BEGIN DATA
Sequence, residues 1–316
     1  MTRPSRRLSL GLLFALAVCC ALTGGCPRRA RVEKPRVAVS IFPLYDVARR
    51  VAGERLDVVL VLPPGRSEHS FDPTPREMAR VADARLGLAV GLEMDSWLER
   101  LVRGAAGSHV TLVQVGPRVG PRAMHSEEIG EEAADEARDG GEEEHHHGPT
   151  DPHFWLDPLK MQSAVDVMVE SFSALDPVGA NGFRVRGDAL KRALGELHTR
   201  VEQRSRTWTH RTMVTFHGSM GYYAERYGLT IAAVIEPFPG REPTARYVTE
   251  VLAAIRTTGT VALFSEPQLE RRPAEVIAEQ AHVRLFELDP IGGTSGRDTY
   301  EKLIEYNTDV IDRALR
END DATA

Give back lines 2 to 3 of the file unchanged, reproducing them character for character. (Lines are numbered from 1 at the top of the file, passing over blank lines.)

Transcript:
     1  MTRPSRRLSL GLLFALAVCC ALTGGCPRRA RVEKPRVAVS IFPLYDVARR
    51  VAGERLDVVL VLPPGRSEHS FDPTPREMAR VADARLGLAV GLEMDSWLER